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1. To combine people or things at random. A noun or pronoun can be used between "jumble" and "together." You can't just jumble everyone in the family together at Thanksgiving dinner—a lot of them don't get along. I hadn't been expecting company, so I jumbled together some snacks for the kids and hoped for the best.
2. To construct something shoddily. Yikes, this old car sounds like it was just jumbled together by the mechanic.
To disorganize, mix together, or confuse someone or something. A noun or pronoun can be used between "jumble" and "up." I think you must have jumbled up the message because he and I agreed to meet on Thursday, not Friday. Be sure to jumble the entries up before you pull one out of the box.
obsolete A bumpy, uneven road. We cannot bring the wagon down that jumble-gut lane—we're liable to break an axle!
See also: lane
Farlex Dictionary of Idioms. © 2015 Farlex, Inc, all rights reserved.
jumble someone or something together
to mix people or things together randomly into a hodgepodge. They just jumbled everything together and made a real mess. The army just jumbled everybody together, no matter what their skills and talents were.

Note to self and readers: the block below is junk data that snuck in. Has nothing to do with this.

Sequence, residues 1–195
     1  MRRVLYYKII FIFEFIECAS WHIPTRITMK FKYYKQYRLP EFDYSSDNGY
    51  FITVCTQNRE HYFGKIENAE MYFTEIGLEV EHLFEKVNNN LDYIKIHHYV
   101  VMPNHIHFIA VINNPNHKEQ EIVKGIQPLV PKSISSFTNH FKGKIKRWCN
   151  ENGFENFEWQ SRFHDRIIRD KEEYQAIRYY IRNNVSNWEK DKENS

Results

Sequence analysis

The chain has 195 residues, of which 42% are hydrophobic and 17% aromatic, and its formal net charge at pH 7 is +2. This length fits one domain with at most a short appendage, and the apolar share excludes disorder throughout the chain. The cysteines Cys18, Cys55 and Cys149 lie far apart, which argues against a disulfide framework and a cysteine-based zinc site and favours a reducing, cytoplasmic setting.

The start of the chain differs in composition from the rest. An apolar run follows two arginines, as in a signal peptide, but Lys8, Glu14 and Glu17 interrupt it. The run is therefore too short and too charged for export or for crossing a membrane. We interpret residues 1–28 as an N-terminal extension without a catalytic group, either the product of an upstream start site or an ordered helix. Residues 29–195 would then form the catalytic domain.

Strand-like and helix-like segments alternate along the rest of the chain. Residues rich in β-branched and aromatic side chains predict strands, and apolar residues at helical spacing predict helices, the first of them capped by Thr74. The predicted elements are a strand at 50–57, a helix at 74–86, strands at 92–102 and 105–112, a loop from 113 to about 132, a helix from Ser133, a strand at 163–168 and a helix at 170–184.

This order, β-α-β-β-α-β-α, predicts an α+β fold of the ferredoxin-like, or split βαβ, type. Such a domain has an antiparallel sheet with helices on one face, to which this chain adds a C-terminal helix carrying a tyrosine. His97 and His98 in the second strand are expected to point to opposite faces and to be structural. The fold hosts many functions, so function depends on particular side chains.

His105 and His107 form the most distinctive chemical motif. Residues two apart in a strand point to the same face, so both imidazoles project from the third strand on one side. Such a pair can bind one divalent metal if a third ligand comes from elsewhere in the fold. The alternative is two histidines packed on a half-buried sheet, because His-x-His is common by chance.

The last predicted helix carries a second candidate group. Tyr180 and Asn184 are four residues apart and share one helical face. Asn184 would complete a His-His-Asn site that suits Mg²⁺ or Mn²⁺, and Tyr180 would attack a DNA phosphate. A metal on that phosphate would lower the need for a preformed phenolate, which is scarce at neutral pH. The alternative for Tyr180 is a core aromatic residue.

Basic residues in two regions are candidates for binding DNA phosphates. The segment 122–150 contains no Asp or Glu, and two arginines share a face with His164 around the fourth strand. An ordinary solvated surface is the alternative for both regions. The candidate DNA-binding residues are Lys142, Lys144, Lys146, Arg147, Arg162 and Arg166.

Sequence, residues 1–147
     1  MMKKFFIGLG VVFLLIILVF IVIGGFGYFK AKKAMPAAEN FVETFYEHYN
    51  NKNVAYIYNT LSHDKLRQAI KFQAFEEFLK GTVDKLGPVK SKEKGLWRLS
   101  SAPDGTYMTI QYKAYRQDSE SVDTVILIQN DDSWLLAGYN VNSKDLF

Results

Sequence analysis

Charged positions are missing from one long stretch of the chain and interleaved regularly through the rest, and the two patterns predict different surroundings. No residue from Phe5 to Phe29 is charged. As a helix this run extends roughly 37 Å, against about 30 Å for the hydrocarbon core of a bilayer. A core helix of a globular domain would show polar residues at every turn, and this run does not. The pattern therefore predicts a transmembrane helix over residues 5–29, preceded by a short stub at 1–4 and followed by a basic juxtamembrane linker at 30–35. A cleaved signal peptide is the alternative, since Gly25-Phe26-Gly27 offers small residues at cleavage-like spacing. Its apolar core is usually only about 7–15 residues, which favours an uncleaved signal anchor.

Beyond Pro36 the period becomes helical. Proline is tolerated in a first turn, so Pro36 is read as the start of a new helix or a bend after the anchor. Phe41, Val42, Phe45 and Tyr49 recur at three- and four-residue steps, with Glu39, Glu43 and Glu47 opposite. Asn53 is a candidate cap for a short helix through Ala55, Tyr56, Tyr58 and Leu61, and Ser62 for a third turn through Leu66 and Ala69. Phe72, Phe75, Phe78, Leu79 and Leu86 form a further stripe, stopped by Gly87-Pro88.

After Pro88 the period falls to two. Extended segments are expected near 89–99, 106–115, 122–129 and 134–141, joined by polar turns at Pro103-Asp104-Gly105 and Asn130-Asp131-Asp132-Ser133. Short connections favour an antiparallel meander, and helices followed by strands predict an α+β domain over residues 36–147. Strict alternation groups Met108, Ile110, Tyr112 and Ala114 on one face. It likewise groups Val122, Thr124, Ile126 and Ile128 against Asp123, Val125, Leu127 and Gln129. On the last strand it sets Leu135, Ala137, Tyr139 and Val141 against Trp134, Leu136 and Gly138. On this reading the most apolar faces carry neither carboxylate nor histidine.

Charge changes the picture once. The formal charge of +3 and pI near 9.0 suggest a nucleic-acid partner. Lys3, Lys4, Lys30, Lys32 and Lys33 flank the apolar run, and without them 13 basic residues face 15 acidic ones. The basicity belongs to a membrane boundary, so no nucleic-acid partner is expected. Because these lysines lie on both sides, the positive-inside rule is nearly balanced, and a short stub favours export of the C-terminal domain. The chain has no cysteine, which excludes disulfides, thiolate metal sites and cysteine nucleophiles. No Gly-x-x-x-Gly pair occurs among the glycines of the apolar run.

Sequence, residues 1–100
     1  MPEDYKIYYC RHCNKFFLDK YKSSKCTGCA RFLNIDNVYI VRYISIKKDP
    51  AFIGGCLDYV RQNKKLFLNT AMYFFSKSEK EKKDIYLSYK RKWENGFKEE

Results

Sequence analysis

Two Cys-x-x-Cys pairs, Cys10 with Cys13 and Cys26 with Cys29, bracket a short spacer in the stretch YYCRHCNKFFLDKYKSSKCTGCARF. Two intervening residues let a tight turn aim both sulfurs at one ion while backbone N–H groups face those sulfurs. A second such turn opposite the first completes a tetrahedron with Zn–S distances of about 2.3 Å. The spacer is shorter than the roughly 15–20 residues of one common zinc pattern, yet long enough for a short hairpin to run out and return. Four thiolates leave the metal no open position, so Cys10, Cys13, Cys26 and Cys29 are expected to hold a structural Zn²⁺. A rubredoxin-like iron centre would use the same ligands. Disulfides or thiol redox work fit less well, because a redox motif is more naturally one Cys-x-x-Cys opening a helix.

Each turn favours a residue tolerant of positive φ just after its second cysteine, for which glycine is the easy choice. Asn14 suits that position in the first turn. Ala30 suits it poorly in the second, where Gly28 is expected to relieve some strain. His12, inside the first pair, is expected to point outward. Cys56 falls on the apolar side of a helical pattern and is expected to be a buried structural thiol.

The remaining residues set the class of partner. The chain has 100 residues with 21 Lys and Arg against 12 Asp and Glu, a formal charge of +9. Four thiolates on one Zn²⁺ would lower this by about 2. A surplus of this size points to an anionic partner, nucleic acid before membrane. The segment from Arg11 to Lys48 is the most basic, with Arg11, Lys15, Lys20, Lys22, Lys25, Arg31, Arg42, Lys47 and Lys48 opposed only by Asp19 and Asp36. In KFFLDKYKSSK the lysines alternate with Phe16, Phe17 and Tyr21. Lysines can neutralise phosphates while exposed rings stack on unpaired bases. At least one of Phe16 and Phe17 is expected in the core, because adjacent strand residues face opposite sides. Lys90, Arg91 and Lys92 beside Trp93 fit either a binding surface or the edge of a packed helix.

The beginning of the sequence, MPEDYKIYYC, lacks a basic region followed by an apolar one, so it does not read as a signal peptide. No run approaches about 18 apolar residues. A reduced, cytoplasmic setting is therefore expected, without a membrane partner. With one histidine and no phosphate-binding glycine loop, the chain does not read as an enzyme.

jumble something together
to assemble something clumsily and hastily. They just jumbled some holiday decorations together. It really wasn't very well done. I hope this airplane wasn't jumbled together as badly as this meal.
jumble something up
to make a hodgepodge out of things. Who jumbled my papers up? Who jumbled up all my papers?
McGraw-Hill Dictionary of American Idioms and Phrasal Verbs. © 2002 by The McGraw-Hill Companies, Inc.
To mix some things up in a random, confused, or disorderly manner: The toddler jumbled up the puzzle pieces. The cat jumbled the yarn up.
The American Heritage® Dictionary of Phrasal Verbs. Copyright © 2005 by Houghton Mifflin Harcourt Publishing Company. Published by Houghton Mifflin Harcourt Publishing Company. All rights reserved.